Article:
City of Decatur publishes transportation plan ahead of Talley Street School opening
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With the new Talley Street Upper Elementary School set to open on Aug. 1, the city has been preparing a transportation plan for students, parents and local commuters.
Located on Talley Street off of South Columbia Drive, the school is in an area with highly congested traffic. Last fall, the the Decatur City Commission began a transportation study to determine how best to handle traffic control in the area.
Then, in May, the commission discussed a new $850,000 multi-use path (as a part of the pedestrian and bicycle network) to run along South Columbia Street from Talley Street, but originally determined the path could not be entirely completed before the school year began.
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As a result, several parents reached out to the city commission in June to request that more be done to improve safety in the area. The city responded with an updated transportation plan that includes segments of the multi-use path being completed before Aug. 1, new school zone signage and three new crossing guards.
Additionally, an all-way stop sign has been installed at the intersection of Talley Street and South Columbia Drive. Eventually, that stop sign will be replaced with a traffic signal.
By Aug. 1, a 300-foot section of the multi-use path on South Columbia should be completed, the city said. The rest of the trail to Legacy Park will require a separate contract but is expected to be completed by early 2020.
Talley Street itself will be essentially a one-way street, with drivers only being allowed to enter the street from South Columbia, not Sams Street. Left turns out will not be permitted for parents exiting the school’s drop-off zone.
The city will also put up signage to warn drivers about increased traffic that’s expected to occur once school starts, according to Cheryl Burnette, the assistant director of Decatur Active Living.
“I think the city has done everything we can do,” Burnette said. “It’s a work in progress, but we are well aware of all that needs to be done to keep students safe, and we’ve done a lot to make sure that happens.”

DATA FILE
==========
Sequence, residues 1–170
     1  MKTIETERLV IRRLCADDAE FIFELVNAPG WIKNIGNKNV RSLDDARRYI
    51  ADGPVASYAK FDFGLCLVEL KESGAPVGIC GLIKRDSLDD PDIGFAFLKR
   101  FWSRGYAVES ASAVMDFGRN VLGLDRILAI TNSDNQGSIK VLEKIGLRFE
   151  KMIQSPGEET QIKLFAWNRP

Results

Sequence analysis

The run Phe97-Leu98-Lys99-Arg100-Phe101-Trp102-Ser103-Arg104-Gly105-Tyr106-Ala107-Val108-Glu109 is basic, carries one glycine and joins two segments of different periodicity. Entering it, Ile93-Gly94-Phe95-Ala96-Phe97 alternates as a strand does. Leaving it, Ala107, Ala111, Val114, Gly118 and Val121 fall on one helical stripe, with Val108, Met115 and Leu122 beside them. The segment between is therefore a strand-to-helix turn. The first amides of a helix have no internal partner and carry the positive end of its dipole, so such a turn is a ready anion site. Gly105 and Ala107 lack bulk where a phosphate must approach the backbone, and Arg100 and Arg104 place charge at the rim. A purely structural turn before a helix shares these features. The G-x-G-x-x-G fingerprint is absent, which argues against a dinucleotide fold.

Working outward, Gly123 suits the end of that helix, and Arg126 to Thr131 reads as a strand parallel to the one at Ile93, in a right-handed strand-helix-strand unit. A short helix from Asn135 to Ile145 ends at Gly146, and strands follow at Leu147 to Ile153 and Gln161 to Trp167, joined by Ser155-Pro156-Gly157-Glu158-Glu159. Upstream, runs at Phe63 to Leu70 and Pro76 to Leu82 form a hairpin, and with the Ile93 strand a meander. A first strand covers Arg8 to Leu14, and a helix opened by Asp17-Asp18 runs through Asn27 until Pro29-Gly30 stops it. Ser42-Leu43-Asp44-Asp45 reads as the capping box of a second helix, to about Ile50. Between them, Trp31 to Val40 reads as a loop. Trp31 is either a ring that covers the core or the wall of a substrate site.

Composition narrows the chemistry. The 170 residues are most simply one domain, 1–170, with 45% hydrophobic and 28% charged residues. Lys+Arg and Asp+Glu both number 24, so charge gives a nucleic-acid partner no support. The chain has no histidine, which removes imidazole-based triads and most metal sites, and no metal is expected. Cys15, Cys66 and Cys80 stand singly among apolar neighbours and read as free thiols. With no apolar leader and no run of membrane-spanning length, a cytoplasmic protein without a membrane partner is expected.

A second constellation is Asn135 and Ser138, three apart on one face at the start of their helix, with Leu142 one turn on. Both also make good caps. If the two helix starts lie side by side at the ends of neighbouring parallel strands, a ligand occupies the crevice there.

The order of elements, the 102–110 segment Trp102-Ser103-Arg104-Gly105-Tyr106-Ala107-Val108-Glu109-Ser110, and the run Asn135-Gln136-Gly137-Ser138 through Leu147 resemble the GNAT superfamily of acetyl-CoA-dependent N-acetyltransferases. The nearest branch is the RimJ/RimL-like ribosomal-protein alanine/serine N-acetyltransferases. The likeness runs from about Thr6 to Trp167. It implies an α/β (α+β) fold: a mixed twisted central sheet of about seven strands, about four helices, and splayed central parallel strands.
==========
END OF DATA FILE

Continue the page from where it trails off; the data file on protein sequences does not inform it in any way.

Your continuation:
According to Courtney Burnett, director of community and government relations for the City Schools of Decatur, CSD has worked closely with the city government to implement safety measures.
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“We’ve been at the table together [with the city] to make certain decisions,” she said. “Safety is obviously the top priority for everybody, and we’re working to make sure both families and residents can get around when school starts.”
The Talley Street School’s website contains updates about transportation logistics, including a comprehensive map indicating the CSD- and city-approved safe routes to school. Bill Heaton, the new Talley Street prinicipal, also has a Facebook page with more updates.
In the meantime, Burnett recommends parents prepare for the new transportation logistics like they would at the start of any school year.
“Even though this is a new school in a new location, this is how it generally goes on the first week anyway, with lots more traffic to deal with,” she said. “Look at the maps the city put out ahead of time. Attend safe routes to school meetings. Making a plan ahead of time and know before you go which way you want to go. Just have patience.”
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